Telus (TSX:T) is an example of a great stock to consider. This is one of the largest telecom companies in Canada. In terms of its dividend, the company claims one of the most impressive dividend-growth streaks in the country (18 years). Telus offers investors a forward dividend yield of 5.37%. As of this writing, $1,000 could get you 37 shares. That would give you a quarterly dividend payout of $12.99 based on Telus’s most recent distribution.

StockStock PriceDividend Per ShareShares Purchased With $1,000Total Payout Per Quarter
Canadian National Railway$163.05$0.7336$4.398

This article represents the opinion of the writer, who may disagree with the “official” recommendation position of a Motley Fool premium service or advisor. We’re Motley! Questioning an investing thesis — even one of our own — helps us all think critically about investing and make decisions that help us become smarter, happier, and richer, so we sometimes publish articles that may not be in line with recommendations, rankings or other content.

Fool contributor Jed Lloren has no position in any of the stocks mentioned. The Motley Fool recommends Canadian National Railway, Fortis, and TELUS. The Motley Fool has a disclosure policy.

More on Dividend Stocks

Dividend Stocks

3 Canadian REITs That Pay Out Every Month

$10 can buy you a stake in a REIT that pays monthly distributions yielding 8.2% annually. CT REIT and another…

Read more »

A meter measures energy use.
Dividend Stocks

3 Reasons to Buy Utility Stocks in 2023

Here's why adding utility stocks to your portfolio is a smart idea, as we face significant uncertainty in 2023.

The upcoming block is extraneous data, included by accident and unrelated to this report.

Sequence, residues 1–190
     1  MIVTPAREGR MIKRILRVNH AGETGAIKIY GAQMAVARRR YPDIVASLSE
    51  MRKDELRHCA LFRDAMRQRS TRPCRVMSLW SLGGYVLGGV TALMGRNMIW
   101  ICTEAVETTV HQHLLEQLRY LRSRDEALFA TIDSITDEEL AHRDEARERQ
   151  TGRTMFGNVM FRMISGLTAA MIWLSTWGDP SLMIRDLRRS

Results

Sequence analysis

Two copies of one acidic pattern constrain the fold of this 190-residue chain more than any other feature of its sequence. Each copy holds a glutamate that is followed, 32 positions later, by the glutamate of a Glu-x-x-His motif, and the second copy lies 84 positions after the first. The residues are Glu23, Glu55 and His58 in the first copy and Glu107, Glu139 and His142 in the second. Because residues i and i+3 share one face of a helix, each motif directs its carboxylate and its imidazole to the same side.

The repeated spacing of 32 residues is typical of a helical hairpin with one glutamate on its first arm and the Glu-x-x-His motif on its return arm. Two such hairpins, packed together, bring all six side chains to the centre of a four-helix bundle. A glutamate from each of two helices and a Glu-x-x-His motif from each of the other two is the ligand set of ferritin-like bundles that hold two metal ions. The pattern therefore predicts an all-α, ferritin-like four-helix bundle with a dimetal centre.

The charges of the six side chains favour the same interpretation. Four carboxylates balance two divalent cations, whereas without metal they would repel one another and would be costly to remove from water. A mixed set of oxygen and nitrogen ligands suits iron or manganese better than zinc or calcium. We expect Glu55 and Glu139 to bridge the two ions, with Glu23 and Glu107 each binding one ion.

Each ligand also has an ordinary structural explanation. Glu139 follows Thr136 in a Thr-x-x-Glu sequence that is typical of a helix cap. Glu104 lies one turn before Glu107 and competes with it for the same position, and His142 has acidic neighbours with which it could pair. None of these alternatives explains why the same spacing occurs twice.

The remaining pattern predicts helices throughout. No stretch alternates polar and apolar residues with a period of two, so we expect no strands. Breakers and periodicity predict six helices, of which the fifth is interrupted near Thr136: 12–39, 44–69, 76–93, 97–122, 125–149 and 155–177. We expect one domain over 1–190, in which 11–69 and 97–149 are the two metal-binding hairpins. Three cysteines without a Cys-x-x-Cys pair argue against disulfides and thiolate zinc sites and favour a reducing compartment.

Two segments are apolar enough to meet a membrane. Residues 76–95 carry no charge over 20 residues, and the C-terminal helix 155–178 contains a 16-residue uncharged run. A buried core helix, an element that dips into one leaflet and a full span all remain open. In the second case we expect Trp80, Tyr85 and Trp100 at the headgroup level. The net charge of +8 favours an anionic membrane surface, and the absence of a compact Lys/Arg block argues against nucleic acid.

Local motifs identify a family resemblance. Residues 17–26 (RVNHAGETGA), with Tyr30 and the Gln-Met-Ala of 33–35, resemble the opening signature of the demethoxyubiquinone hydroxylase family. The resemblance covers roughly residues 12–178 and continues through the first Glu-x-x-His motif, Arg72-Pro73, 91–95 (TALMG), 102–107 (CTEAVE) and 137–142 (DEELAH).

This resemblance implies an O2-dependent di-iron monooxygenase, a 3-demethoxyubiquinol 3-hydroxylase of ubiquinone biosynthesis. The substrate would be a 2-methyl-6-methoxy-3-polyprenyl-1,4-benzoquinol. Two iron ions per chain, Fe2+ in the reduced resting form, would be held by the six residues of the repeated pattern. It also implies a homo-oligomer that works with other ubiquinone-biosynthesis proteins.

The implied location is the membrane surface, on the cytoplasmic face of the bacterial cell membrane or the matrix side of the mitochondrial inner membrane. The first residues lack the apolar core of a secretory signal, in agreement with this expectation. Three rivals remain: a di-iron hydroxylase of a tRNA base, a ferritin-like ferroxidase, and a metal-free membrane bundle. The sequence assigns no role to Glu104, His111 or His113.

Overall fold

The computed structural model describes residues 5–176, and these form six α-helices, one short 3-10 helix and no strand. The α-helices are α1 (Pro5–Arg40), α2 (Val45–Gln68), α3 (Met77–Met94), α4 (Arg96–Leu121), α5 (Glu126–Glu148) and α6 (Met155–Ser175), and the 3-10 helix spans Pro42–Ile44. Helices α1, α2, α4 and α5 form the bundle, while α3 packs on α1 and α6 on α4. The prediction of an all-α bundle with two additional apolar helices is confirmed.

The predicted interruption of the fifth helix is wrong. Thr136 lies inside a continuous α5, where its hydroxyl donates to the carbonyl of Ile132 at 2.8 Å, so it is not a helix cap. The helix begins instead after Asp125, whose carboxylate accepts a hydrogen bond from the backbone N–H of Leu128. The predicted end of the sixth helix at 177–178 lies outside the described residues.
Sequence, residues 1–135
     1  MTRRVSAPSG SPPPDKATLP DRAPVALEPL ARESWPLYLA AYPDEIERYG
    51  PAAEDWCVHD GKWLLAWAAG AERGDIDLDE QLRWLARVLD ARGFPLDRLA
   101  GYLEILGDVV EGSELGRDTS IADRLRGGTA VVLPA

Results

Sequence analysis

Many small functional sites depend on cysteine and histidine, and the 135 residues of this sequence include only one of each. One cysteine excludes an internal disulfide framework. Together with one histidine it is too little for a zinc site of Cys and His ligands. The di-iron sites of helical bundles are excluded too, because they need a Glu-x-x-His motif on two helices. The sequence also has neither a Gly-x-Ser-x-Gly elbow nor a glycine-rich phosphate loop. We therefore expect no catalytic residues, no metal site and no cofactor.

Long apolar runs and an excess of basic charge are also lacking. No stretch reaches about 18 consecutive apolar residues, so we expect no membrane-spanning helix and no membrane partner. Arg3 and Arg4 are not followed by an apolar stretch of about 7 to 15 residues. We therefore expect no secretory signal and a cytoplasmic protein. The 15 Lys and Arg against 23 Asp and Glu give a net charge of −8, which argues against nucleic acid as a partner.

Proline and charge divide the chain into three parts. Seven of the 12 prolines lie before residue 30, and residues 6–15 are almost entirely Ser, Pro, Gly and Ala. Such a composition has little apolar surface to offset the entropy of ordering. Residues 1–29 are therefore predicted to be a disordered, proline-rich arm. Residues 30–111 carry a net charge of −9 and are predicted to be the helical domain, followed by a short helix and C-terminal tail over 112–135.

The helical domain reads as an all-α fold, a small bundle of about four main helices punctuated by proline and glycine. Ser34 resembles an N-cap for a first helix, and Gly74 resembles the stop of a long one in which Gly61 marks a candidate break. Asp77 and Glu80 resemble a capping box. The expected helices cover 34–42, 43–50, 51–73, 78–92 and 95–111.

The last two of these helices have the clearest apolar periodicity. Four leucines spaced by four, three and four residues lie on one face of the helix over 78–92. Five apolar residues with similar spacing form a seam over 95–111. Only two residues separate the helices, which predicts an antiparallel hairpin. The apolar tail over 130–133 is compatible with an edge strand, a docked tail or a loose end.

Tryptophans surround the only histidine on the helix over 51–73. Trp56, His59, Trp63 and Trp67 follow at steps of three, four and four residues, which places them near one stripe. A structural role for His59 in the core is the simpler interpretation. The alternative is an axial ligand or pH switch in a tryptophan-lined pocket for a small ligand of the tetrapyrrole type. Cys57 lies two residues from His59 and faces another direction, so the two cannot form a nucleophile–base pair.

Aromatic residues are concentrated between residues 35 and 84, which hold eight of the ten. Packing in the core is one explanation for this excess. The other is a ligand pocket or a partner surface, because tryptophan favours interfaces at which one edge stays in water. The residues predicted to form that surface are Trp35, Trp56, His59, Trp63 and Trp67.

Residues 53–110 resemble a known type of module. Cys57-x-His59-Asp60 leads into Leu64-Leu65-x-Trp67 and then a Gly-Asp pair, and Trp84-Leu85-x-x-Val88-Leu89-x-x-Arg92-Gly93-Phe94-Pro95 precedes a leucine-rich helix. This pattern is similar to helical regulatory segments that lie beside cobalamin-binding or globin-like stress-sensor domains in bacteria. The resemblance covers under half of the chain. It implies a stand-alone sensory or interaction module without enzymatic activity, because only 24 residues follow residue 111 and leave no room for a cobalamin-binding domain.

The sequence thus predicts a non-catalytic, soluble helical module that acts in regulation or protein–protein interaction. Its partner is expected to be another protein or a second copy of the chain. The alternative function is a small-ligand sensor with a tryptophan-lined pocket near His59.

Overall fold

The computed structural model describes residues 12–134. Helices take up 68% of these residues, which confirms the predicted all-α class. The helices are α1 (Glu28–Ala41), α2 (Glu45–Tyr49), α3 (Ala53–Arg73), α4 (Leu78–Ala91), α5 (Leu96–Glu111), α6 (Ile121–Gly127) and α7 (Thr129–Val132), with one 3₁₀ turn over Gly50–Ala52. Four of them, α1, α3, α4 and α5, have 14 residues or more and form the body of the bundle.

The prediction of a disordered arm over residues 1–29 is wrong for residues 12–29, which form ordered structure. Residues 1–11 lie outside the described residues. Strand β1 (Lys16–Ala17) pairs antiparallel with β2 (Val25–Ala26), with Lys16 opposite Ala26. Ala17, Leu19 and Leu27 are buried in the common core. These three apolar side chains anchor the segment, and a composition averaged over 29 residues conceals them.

Read more »

Modern buildings in business district
Dividend Stocks

2 Top Residential REITs to Buy in February 2023

These two top residential REITs to buy offer attractive passive income as well as long-term growth potential.

Read more »

Simple life style relaxation with Asian working business woman healthy lifestyle take it easy resting in comfort hotel or home living room having free time with peace of mind and self health balance
Dividend Stocks

TFSA Investors: Make $102/Month Without Lifting a Finger

Here’s an amazing monthly Canadian dividend stock that can help TFSA investors earn reliable passive income for years.

Read more »

Dividend Stocks

TFSA Passive Income: Earn $129/Month Tax Free

Do you seek passive income? Leverage your TFSA to earn tax-free passive income via these Dividend Aristocrats.

Read more »

Silver coins fall into a piggy bank.
Dividend Stocks

How to Invest $23,000 in 2023 to Create Passive Income

Here's how income-generating cash cows such as Canadian Utilities and TC Energy can help you earn over $1,000 in annual…

Read more »

Early retirement handwritten in a note
Dividend Stocks

2 High-Dividend Stocks to Buy Today for Early Retirement

You can buy these two high-dividend Canadian stocks right now to help you plan an early retirement from work.

Read more »

worry concern
Dividend Stocks

Worried About Market Downturn? Buy This High-Yielding (6.3%) Dividend Stock

The stock market has been pretty volatile lately. It’s better to have a balanced portfolio that can perform in every…

Read more »